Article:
As we’ve begun to plan and promote this retreat, I’ve been asking what it means to be a young change-maker. What are the unique rewards and challenges we face? Why would going to Alaska to learn mindfulness and kayak in the wilderness serve us? What would we want to converse about? I began to think broadly through my own work as a school teacher, youth facilitator, and entrepreneur. At 31 years old, living in Seattle, belonging to a community of change-makers and working in the field of education and youth empowerment I am no stranger to the weight of disillusionment, the anxiety of climate change, and the frustration of what seems to be the central trade off for folks like me which says there’s no money in doing good. Or we’ll have to supplement our do gooding with corporate jobs. Now, even the availability of stable income is questionable no matter where you are willing to work. The landscape and modern inheritance for the millennial generation shows a very tough economic reality, and I have certainly felt this too.
The other side, however to choosing this life is that I am also no stranger to the joy and rootedness of being part of a loving and beloved community. I’ve enjoyed the spark of thinking of an innovative idea and knowing that I’ve created my life in a way that I can act on that idea. I know the rush of supporting and co-creating disruptive technologies, and the expansive feeling that what I am doing in this moment certainly is some of the most important work of humanity.
At this age, we the young change-makers can often be the ones calling the shots, running the organizations and voting with our dollars. So, most of the time, I feel like I am very much in the game, and in some ways even making the rules. It’s a dynamic landscape. We are living that tension between knowing that we are facing the most imminent and terrifying global risks like climate change, and yet we are also uniquely poised to utilize our highest creativity and innovation. Yet it is often difficult to make sense of our own efficacy in this paradoxical time we live in. Parker Palmer writes in Let Your Life Speak, “We are whiplashed between an arrogant overestimation of ourselves and a servile underestimation of ourselves.” I’m certain many like me know the bewilderment of that whiplash.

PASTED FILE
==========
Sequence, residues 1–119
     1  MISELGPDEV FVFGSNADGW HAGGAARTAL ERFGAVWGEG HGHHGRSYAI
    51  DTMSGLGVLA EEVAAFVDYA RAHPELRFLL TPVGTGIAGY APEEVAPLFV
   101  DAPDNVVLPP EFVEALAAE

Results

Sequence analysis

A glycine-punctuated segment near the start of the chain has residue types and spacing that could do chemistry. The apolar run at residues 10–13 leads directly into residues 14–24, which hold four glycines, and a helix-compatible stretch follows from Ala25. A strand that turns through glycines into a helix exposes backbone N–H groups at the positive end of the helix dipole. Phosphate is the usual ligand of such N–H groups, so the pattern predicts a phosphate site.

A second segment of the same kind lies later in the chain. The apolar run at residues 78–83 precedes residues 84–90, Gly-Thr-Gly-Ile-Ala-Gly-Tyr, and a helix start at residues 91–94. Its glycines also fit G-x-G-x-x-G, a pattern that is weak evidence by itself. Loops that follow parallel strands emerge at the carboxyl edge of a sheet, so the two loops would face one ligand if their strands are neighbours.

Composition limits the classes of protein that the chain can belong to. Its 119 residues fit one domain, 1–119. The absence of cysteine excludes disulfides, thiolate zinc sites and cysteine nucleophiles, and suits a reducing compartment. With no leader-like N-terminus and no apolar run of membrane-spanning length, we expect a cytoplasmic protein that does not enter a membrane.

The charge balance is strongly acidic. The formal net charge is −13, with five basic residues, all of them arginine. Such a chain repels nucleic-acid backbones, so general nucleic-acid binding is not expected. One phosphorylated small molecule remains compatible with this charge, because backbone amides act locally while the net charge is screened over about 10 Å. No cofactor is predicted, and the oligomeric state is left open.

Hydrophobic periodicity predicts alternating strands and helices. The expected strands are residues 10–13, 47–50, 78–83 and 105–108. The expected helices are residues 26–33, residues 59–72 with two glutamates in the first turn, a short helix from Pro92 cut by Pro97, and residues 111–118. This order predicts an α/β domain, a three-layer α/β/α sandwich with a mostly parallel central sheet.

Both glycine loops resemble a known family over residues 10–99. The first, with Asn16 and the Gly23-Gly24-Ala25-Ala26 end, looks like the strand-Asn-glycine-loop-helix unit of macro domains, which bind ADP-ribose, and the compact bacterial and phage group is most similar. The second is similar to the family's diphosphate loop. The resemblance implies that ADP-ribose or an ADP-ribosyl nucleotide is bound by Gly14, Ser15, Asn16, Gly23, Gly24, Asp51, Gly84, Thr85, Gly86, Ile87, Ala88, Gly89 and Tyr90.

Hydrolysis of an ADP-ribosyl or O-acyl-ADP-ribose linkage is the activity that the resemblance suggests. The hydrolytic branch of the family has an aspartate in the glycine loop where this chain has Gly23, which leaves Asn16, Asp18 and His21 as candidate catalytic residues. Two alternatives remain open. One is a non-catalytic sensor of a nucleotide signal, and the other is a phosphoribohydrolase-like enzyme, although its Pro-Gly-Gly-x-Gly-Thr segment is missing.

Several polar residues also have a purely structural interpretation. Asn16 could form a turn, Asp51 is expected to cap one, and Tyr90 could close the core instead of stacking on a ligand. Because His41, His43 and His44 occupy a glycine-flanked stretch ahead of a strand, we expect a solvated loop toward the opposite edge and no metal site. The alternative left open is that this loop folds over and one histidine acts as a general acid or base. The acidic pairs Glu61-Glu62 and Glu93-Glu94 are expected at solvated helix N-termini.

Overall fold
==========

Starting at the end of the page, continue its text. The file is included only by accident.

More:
For many of us folks working to make a world that works for all, some kind of contemplative practice has also emerged from the same heart that brought us to our work in the first place. It had to emerge so we could, as Kurt writes, “know where we stand, and hold our ground” (p.117). Last August in Alaska, it was the immediate and deep plunge into the contemplative silence we practiced that revived me so quickly. It rebuilt my inner capacity. Kurt writes, “I teach meditation to activists, among others, because I am so convinced that our efforts to save the external environment will lead to burnout and despair if we do not include adequate attention to our inner habitat restoration. The two are not separate and never have been. Our failure to understand this connection, emotionally, as well as intellectually, can overwhelm even our noblest efforts as change makers”(p. 114). I know that disempowered state of overwhelm and I found that the community, rhythm, paddling, silence and wilderness of a retreat with Inside Passages gave me that essential restoration of my inner life so that my work in the outer world could continue with strength, passion and resilience.
Please see more about our retreat offering by visiting the retreat page.